I miss the hotel's wake-up call, and I have 10 minutes to throw on some clothes and rush to the hospital before they wheel Mom off to surgery.
I pull on yesterday's jeans and slide into a T-shirt and a sweater. The beauty of not having a lot of stuff is that I don't have many decisions to make. I wish these were cleaner.
By the time I reach the elevator bank at the hospital, I'm sweating anyway and gasping and my legs ache. It's only a few blocks, but I don't run much, and running isn't the same as walking.
Elevator time has its own physics, and I'm out of practice. It takes forever for a car to arrive. After people flow in, almost every button is lit. I don't have a watch, so I don't know how much longer I have, or whether I'm too late.
The hallway looks familiar and I skitter toward the room.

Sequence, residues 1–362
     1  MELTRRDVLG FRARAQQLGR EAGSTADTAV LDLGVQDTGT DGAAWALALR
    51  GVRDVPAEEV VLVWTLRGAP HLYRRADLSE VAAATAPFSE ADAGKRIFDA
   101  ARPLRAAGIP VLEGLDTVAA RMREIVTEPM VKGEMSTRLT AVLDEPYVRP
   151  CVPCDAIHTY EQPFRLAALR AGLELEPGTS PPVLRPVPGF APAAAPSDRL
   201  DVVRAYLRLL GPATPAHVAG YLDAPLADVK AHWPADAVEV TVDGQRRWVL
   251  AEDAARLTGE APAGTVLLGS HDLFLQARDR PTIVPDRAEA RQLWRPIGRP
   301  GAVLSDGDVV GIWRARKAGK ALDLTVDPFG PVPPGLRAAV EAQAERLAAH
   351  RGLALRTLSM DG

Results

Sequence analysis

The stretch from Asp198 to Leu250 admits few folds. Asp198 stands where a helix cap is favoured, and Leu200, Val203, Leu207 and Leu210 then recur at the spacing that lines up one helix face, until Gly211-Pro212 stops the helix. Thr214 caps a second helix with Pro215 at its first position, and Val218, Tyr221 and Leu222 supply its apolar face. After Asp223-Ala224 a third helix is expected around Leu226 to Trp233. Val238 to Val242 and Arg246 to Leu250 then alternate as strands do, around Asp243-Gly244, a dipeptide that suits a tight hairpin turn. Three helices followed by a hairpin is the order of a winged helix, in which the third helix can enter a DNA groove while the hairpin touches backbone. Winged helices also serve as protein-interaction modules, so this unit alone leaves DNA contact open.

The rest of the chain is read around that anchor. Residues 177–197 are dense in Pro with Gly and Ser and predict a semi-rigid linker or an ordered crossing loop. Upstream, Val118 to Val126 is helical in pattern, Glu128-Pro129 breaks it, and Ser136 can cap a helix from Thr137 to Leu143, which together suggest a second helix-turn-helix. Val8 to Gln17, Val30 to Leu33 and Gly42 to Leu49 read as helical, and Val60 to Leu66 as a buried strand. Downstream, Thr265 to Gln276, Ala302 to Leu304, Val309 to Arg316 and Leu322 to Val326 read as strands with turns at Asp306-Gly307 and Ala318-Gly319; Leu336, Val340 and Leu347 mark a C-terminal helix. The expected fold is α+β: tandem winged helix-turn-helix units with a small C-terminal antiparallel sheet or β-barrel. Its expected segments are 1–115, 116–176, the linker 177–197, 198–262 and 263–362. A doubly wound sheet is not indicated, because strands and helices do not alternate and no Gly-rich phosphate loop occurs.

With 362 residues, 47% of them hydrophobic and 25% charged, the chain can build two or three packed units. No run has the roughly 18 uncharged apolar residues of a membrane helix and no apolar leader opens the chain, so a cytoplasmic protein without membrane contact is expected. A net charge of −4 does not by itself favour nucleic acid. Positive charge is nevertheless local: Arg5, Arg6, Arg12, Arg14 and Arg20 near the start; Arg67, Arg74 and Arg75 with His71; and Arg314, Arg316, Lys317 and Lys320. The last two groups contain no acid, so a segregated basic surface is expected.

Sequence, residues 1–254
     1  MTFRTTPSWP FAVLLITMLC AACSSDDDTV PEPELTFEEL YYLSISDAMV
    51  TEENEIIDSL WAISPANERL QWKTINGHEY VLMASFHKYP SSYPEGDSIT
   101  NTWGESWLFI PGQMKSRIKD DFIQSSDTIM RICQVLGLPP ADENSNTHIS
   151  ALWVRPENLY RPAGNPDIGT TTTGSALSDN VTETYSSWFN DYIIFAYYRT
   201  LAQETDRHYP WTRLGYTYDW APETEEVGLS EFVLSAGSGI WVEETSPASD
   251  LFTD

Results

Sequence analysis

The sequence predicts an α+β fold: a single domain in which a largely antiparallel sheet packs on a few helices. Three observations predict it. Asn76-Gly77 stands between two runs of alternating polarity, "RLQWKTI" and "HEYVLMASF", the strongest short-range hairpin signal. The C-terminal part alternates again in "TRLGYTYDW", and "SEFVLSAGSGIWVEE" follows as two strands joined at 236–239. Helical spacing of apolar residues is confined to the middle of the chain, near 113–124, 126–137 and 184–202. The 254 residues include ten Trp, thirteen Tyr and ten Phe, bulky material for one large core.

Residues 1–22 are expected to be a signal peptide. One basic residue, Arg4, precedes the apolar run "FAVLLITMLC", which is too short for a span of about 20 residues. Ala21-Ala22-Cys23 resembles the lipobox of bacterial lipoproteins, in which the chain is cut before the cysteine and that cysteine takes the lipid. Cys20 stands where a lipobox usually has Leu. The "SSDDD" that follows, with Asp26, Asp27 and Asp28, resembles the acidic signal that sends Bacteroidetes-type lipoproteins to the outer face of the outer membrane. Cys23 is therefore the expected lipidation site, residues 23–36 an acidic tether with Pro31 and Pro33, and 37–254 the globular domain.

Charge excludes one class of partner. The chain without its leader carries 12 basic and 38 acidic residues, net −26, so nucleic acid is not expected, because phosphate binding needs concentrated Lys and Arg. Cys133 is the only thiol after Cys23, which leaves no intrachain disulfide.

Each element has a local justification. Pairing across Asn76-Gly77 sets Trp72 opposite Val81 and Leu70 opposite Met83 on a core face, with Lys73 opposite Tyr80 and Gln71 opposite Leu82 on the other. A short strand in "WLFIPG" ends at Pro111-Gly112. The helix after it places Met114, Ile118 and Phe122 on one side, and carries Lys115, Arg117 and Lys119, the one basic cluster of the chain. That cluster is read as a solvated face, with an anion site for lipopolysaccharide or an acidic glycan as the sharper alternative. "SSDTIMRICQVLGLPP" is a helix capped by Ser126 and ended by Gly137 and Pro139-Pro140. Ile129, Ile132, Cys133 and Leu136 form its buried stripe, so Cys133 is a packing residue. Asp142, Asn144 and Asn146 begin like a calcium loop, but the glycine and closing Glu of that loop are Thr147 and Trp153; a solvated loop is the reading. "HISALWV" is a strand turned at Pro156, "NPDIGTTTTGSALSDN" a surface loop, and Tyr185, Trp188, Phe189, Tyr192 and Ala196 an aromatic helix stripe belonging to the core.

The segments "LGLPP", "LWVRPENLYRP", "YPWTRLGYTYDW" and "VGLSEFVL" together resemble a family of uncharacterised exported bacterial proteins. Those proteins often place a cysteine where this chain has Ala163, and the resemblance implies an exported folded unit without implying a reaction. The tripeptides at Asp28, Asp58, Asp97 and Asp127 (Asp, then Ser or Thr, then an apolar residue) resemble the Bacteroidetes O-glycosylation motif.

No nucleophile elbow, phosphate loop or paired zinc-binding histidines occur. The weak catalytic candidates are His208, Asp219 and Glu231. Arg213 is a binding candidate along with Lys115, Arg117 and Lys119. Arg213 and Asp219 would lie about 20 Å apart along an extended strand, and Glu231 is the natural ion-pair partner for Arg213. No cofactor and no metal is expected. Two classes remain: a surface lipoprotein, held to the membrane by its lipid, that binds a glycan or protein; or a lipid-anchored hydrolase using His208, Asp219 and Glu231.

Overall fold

They both look up.
"I made it!"
"Just barely," Becky points out. Thanks, Becky. This is starting to feel more normal, in a weird way.
"How are you?" I ask Mom.
"As ready as I'm going to be," she says, and I hope she isn't scared. How can she not be scared? It's been one long, frightening tunnel. Or maybe I'm projecting. That's silly. She must be scared. I take her hand.
"What have you girls decided to do with your time today?"
"Mom, we'll be waiting for you," Becky says.
"Well, get something to eat, at least--something good."
Someone in a uniform comes in, and Becky and I shrink toward the walls. She checks Mom's chart and asks, "Are you ready?" She sounds like Yes is the only answer, and like this happens every day.